Museum lives by feedback from visitors

Visitor information and feedback plays a very important part role in informing what we do. We want to know as much as possible about our visitors (and non-visitors) so we know where we are performing well and where there’s further opportunity to do even better.

Knowing what our visitors think of their museum experience at MTG Hawke’s Bay is an important piece of information. In order to capture some of this data we have a regular visitor survey available for people to complete as they leave the museum and we partake in the annual country-wide Museums Aotearoa survey each year. We actively encourage visitors to complete these surveys and also take the opportunity to engage with people about their experience when they make purchases at the museum shop.

Our survey asks people to rate their experience, whether they would recommend the museum to others and any comments they want to make. Over the last year 94% of people who completed our survey rated the quality of their museum experience as positive (20%) or very positive (75%), and the vast majority would recommend the museum to a friend. This is wonderful and encouraging feedback to receive and tells us that people visiting the museum are, in the main, enjoying and valuing the experience.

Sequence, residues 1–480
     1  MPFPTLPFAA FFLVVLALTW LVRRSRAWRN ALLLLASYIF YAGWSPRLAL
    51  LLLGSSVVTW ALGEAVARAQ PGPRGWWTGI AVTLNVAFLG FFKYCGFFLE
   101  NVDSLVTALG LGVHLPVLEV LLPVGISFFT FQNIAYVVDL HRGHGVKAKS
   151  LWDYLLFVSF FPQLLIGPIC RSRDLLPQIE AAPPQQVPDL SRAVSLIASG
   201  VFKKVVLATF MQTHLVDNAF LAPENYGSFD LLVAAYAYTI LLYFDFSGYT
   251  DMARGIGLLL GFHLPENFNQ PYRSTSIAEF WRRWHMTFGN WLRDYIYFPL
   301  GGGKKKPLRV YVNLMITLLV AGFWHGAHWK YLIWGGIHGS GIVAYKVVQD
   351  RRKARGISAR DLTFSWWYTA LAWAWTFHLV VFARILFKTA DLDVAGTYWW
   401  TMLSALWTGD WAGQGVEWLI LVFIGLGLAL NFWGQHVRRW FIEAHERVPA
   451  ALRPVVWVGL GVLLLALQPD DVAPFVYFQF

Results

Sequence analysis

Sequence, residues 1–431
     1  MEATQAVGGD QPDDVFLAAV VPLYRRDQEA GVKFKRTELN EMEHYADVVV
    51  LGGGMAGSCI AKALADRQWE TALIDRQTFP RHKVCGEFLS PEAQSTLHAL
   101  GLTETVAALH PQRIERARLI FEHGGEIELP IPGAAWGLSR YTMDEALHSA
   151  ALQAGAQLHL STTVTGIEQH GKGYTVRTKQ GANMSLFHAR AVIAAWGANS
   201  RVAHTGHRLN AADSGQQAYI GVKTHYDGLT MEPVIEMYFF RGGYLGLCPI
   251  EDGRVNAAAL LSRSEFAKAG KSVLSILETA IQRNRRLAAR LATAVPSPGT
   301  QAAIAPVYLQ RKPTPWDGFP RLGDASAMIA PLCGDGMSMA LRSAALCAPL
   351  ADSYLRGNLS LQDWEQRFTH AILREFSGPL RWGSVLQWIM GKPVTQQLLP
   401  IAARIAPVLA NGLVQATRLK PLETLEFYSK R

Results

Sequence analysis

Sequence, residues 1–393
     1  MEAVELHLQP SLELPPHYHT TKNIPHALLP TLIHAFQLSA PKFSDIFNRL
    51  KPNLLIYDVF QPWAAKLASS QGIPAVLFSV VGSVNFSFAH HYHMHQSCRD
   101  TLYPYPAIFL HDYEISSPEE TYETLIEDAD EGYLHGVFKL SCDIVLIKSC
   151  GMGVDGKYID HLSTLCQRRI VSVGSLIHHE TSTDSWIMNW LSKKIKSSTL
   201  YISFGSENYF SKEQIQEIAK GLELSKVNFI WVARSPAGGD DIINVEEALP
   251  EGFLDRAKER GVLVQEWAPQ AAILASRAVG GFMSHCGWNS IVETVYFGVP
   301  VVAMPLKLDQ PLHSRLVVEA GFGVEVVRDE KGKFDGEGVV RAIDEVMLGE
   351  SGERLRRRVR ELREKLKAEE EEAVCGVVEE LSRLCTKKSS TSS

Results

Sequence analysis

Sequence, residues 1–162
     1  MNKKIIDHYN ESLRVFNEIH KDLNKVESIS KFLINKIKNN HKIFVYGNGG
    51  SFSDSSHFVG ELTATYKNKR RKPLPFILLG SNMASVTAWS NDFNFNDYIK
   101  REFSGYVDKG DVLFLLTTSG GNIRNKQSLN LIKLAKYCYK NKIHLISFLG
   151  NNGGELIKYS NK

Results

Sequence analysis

It’s not just through surveys that people give us feedback – people contact us in person, through social media, in writing or talk to me when I’m in town, at the movies, in shops, etc to provide a mixture of encouragement, comments, suggestions and so on. I love getting feedback (good or bad) as it helps inform my understanding of how we’re performing for the community and what we should do more or less of and other opportunities we may not have thought of ourselves.

So what do we know from this feedback? Well our visitors love the 1931 Hawke’s Bay Earthquake gallery and associated Survivors’ Stories film by Gaylene Preston. We’ve had lots of positive feedback about our friendly staff and great customer service and the most popular temporary exhibition last year was “Bottled Ocean 2118” by George Nuku. The activities for children and the quality of design and presentation of our galleries have also been appreciated by our visitors and this, coupled with winning a Museums Aotearoa Award, tells us we are doing really well in this field. Free entry continues to be a feature in our feedback with people enjoying and appreciating the opportunity to engage with arts and culture in their community at no cost, and we also get positive feedback about the range and variety of exhibitions.

Themes are trickier to identify in the areas people would like improved but some which are mentioned include wanting the museum to be bigger, wanting a café, and needing directional signage in the House of Webb: a Victorian family’s journey to Ormondville. Other bits of feedback changed during the course of the year – at the start of the year people commented on wanting more interactives and by the end of the year people were commenting that they love the amount of interactives around the museum.